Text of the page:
Monday, April 1, 2019

A Light in the East

From Joseph Pearce at the Imaginative Conservative:
Last year saw the passing of Fr. Peter Milward, an old and valued friend, who was a boon and a blessing in multifarious ways. For those who don’t know of this English Jesuit and scholar, a brief biographical sketch might prove helpful. 
Fr. Milward studied under C.S. Lewis at Oxford in the early 1950s and also heard J.R.R. Tolkien lecture. Graduating in 1954, he departed for a new life in Japan as a professor at the Jesuit University of Sophia in Tokyo, remaining in Japan until his death more than sixty years later. He is best known as an indefatigable Shakespeare scholar, showing in his work the evidence for the Bard’s Catholicism, most notably in Shakespeare’s Religious Background, an influential and groundbreaking study, published in 1973, and in later works, such as The Catholicism of Shakespeare’s Plays (1997) and Shakespeare the Papist (2005), the last of which I was honoured to publish when serving as editor-in-chief of Sapientia Press. He was also a leading scholar of the work of the poet and fellow Jesuit, Gerard Manley Hopkins, and I was also honoured, in 2005, to oversee the publication of his book A Lifetime with Hopkins.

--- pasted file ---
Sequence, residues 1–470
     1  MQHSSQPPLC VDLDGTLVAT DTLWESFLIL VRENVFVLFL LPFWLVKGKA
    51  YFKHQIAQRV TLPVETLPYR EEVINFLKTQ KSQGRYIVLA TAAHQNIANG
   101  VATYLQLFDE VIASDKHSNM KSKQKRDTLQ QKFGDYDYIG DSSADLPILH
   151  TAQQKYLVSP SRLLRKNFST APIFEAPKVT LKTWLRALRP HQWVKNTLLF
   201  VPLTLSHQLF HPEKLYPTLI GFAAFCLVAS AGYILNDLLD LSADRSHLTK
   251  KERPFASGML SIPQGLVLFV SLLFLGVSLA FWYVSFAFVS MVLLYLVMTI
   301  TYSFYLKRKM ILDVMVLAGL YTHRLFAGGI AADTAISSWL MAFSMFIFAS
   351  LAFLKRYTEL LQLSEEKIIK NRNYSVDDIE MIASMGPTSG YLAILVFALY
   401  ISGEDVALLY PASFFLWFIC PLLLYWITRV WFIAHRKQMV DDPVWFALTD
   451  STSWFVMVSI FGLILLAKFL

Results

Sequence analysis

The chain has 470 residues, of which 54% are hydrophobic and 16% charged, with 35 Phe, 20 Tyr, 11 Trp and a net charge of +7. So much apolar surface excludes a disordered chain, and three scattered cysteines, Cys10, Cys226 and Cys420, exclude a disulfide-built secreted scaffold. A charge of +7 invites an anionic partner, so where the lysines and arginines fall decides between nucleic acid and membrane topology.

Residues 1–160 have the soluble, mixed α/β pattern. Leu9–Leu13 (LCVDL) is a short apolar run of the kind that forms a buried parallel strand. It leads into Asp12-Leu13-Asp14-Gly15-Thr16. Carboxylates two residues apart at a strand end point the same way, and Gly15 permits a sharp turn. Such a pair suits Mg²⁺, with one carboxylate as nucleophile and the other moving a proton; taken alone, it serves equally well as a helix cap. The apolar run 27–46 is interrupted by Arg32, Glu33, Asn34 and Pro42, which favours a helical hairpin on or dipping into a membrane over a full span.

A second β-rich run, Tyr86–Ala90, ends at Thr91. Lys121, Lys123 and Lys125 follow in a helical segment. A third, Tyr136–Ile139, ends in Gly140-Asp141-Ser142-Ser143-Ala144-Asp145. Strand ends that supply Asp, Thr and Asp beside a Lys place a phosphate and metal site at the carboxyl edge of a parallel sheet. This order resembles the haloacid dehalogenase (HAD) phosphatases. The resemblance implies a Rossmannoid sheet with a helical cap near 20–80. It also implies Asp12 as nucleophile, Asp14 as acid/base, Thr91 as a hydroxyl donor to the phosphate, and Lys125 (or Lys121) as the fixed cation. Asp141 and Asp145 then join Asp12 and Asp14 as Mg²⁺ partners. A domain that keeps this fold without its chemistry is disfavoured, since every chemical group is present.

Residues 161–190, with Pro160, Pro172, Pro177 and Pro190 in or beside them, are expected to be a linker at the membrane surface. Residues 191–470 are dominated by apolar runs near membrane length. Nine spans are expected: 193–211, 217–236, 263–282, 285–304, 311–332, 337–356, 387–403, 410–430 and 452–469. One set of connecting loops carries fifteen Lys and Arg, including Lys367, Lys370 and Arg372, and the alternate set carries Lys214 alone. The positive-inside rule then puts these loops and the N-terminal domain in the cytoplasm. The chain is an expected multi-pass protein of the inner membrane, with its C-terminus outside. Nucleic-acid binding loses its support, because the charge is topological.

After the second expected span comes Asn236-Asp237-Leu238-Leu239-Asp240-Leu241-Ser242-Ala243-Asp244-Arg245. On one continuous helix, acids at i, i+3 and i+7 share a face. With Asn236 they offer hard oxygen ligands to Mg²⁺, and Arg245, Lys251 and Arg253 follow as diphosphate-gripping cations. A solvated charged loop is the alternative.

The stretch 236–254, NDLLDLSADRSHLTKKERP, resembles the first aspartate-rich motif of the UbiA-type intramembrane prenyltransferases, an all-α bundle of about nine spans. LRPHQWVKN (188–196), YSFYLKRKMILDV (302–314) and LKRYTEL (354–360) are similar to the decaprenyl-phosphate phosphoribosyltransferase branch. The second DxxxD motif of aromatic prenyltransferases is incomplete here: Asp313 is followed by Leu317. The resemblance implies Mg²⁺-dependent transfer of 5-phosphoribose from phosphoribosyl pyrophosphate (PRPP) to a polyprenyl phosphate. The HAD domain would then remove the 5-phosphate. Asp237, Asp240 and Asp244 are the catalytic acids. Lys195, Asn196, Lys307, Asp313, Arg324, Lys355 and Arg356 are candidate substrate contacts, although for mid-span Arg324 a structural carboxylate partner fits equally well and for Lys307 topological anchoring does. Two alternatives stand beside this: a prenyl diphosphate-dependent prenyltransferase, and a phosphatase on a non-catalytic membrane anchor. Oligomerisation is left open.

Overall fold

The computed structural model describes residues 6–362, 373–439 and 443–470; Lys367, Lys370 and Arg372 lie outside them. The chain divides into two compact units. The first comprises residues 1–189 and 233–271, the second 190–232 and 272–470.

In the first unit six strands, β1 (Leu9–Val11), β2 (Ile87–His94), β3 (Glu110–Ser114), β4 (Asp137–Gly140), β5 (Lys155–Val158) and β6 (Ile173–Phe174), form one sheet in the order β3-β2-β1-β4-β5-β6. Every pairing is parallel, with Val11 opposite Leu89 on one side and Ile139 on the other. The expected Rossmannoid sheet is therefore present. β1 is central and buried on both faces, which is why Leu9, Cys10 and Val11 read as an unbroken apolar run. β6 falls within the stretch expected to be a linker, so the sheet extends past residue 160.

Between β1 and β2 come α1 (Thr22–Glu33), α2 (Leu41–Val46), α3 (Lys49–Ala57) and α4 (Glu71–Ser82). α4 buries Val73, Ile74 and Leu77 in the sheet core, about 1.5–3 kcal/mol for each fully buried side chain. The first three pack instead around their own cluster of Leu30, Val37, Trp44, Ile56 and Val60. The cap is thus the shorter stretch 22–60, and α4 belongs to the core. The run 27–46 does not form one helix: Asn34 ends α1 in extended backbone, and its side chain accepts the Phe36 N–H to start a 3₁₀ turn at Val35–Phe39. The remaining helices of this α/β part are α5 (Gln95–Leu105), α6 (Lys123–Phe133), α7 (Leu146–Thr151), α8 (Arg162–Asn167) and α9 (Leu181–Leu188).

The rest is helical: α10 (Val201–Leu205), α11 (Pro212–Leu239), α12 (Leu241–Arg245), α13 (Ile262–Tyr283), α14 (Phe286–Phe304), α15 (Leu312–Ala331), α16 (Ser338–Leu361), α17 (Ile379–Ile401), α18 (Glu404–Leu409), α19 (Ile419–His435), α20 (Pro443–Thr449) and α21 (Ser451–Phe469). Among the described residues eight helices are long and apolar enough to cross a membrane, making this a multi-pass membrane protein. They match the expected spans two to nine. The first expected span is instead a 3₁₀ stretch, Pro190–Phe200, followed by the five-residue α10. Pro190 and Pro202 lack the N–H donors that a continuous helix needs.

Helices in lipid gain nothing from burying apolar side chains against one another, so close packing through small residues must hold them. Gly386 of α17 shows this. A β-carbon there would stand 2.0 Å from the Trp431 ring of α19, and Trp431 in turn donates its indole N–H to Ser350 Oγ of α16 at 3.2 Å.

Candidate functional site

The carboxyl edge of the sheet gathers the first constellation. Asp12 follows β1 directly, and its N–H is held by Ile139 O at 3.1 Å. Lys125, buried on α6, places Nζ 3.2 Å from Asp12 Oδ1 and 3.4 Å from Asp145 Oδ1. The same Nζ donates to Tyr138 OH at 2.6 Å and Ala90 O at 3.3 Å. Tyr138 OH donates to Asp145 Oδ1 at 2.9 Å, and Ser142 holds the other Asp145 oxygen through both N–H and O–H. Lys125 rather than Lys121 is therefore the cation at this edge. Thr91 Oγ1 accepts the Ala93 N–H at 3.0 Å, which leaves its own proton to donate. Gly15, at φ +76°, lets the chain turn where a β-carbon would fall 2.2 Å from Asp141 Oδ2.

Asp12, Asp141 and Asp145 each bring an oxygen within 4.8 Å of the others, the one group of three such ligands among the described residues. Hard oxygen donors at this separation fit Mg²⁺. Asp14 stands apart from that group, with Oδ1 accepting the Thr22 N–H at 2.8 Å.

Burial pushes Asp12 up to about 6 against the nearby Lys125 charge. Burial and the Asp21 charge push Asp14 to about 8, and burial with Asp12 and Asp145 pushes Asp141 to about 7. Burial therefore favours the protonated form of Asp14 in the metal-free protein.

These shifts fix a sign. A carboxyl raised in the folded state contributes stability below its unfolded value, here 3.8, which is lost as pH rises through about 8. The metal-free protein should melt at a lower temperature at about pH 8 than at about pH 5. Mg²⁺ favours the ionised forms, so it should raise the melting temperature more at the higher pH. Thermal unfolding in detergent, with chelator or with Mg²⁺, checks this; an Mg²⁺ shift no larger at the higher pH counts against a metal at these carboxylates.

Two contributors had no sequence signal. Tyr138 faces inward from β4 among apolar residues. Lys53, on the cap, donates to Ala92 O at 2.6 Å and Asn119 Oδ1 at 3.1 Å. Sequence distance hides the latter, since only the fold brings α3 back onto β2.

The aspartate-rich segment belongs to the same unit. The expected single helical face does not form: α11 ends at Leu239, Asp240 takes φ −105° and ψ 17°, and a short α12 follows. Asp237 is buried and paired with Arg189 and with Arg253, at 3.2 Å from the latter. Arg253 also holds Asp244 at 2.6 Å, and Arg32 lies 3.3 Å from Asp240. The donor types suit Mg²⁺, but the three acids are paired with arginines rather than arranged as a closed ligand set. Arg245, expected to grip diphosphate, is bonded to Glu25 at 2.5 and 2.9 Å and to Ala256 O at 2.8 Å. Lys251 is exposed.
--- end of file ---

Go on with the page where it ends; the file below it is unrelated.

It is, however, his authorship of another book, My Idea of a University in Japan, which will be of particular interest to those who are interested in authentic education. This slim volume, published by the Hokuseido Press in Tokyo, is virtually unknown in the West, which is a crying shame considering the wisdom that it contains. Each of its sixteen brief chapters asks an axiomatic question, which Fr. Milward then answers with succinct and sagacious brilliance: What is a University? What is Education? What is Culture? What is Religion? What is Knowledge? What is Wisdom? What is Philosophy? What is Science? What is Literature? What is Language? What is Art? What is Nature? What is Law? What is Music? What is World? What is Home? (Read more.)

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